|Archbishop of York|
|Appointed||5 October 1396|
|Term ended||6 January 1398|
|Successor||Richard le Scrope|
|Other posts|| Archbishop of Dublin |
Bishop of Chichester
|Died||29 December 1397|
Robert Waldby (died 1397) was a native of York and friar of the Order of Saint Augustine who followed Edward, the Black Prince into Aquitaine. After studying at Toulouse, he became professor of theology there.
There is a possibility Waldby was Bishop of Sodor and Man in 1381, although at the time John Dongan was the bishop from 1374 to 1391. He definitely became Bishop of Aire in Gascony in 1387, and translated to the archbishopric of Dublin in Ireland on 14 November 1390.Five years later he translated to the bishopric of Chichester in England on 25 October 1395, and finally became Archbishop of York on 5 October 1396.
Waldby died on 29 December 1397 with his bishopric being sede vacante on 6 January 1398.He was buried in the Chapel of St. Edmund in Westminster Abbey, where his monumental brass still remains.
Thomas Langton was chaplain to King Edward IV, before becoming successively Bishop of St David's, Bishop of Salisbury, Bishop of Winchester, and Archbishop-elect of Canterbury.
Henry Wingham was a Lord Chancellor of England and Bishop of London.
Walter Giffard was Lord Chancellor of England and Archbishop of York.
The Bishop of Norwich is the ordinary of the Church of England Diocese of Norwich in the Province of Canterbury. The diocese covers most of the county of Norfolk and part of Suffolk. The Bishop of Norwich is Graham Usher.
The Bishop of London is the ordinary of the Church of England Diocese of London in the Province of Canterbury.
Hervey le Breton was a Breton cleric who became Bishop of Bangor in Wales and later Bishop of Ely in England. Appointed to Bangor by King William II of England, when the Normans were advancing into Wales, Hervey was unable to remain in his diocese when the Welsh began to drive the Normans back from their recent conquests. Hervey's behaviour towards the Welsh seems to have contributed to his expulsion from his see. Although the new king, Henry I wished to translate Hervey to the see of Lisieux in Normandy, it was unsuccessful.
Alexander Neville was a late medieval prelate who served as Archbishop of York from 1374 to 1388.
Lawrence Booth served as Prince-Bishop of Durham and Lord Chancellor of England, before being appointed Archbishop of York.
The Archbishop of York is a senior bishop in the Church of England, second only to the archbishop of Canterbury. The archbishop is the diocesan bishop of the Diocese of York and the metropolitan bishop of the Province of York, which covers the northern regions of England as well as the Isle of Man. The archbishop of York is an ex officio member of the House of Lords and is styled Primate of England; the archbishop of Canterbury is the "Primate of All England".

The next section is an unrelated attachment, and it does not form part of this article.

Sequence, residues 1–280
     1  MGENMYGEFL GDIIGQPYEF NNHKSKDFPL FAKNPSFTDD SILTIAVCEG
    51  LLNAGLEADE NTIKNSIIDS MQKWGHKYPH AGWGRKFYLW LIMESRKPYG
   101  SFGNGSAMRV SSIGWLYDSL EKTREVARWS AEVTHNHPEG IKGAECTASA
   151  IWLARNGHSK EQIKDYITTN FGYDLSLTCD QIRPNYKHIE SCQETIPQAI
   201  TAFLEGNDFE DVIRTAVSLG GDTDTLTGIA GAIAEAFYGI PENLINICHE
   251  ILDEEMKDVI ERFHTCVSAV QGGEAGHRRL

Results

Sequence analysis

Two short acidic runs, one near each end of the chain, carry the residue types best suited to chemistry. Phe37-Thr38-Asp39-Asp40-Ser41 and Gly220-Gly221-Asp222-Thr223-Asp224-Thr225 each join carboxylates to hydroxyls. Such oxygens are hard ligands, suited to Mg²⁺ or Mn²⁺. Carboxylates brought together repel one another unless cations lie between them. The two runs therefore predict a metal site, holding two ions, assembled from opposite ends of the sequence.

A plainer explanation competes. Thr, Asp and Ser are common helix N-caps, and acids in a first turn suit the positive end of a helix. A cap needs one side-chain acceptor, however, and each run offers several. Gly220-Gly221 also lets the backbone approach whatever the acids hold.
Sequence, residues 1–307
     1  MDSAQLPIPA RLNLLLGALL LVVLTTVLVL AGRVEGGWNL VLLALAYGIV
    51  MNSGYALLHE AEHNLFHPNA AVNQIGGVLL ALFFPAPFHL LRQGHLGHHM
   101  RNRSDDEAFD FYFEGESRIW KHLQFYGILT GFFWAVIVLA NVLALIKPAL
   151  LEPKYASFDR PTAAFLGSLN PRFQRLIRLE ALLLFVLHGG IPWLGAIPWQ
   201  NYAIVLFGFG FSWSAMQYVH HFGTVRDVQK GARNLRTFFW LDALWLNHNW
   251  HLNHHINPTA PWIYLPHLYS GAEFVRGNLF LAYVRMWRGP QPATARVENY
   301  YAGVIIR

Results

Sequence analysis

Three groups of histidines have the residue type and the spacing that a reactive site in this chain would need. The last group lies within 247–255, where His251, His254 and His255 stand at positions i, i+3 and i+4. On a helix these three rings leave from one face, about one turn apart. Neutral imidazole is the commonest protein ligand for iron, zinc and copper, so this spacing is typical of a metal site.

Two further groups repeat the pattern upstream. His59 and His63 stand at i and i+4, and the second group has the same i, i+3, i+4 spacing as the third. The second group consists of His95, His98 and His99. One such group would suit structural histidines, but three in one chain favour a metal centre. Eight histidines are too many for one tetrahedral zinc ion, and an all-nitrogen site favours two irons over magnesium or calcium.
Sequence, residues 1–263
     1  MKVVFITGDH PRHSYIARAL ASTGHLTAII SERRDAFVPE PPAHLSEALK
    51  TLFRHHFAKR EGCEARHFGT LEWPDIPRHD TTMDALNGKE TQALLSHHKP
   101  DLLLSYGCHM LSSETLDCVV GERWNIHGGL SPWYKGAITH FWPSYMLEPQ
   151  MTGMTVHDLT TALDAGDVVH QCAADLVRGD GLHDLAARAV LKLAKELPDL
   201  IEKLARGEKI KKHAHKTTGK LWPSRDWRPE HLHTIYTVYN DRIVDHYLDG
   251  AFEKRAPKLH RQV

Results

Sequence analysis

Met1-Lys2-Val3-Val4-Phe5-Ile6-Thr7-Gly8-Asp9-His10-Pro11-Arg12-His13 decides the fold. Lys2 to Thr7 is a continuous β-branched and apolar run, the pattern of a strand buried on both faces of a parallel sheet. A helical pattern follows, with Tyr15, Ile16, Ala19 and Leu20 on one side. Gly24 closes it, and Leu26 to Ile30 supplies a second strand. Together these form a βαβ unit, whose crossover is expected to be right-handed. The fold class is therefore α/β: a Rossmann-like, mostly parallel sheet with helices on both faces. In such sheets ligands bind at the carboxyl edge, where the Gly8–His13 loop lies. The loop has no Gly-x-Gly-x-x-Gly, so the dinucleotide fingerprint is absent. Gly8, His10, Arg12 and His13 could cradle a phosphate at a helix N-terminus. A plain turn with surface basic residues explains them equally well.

The Bishop of Worcester is the head of the Church of England Diocese of Worcester in the Province of Canterbury, England.
The Bishop of Rochester is the ordinary of the Church of England Diocese of Rochester in the Province of Canterbury.
The Bishop of Winchester is the diocesan bishop of the Diocese of Winchester in the Church of England. The bishop's seat (cathedra) is at Winchester Cathedral in Hampshire. The Bishop of Winchester holds ex officio the office of Prelate of the Most Noble Order of the Garter since its foundation in 1348, and Bishops of Winchester often held the positions of Lord Treasurer and Lord Chancellor ex officio. During the Middle Ages, it was one of the wealthiest English sees, and its bishops have included a number of politically prominent Englishmen, notably the 9th century Saint Swithun and medieval magnates including William of Wykeham and Henry of Blois.
Nicholas Bubwith (1355-1424) was a Bishop of London, Bishop of Salisbury and Bishop of Bath and Wells as well as Lord Privy Seal and Lord High Treasurer of England.
Reginald Boulers was a medieval Abbot of Gloucester, Bishop of Hereford and Bishop of Coventry and Lichfield.
Thomas Kempe was a medieval Bishop of London.
Richard Marsh, also called Richard de Marisco, served as Lord Chancellor of England and Bishop of Durham.
Thomas Barnard was an Anglican clergyman who served in the Church of Ireland as Bishop of Killaloe and Kilfenora (1780–1794) and Bishop of Limerick, Ardfert and Aghadoe (1794–1806).
James Blakedon O.P., D.Th. was a medieval prelate who served as Bishop of Achonry from 1442 to 1453, then Bishop of Bangor from 1453 to 1464.
James Bowstead (1801–1843) was an Anglican clergyman who served in the Church of England as the Bishop of Sodor and Man (1838–1840) and Bishop of Lichfield (1840–1843).
Sir John Hotham, 9th Baronet, DD (1734–1795) was an English baronet and Anglican clergyman. He served in the Church of Ireland as the Bishop of Ossory from 1779 to 1782 and Bishop of Clogher from 1782 to 1795.
|Catholic Church titles|
Jean de Montaut
| Bishop of Aire |
| Archbishop of Dublin |
| Bishop of Chichester |
| Archbishop of York |
Richard le Scrope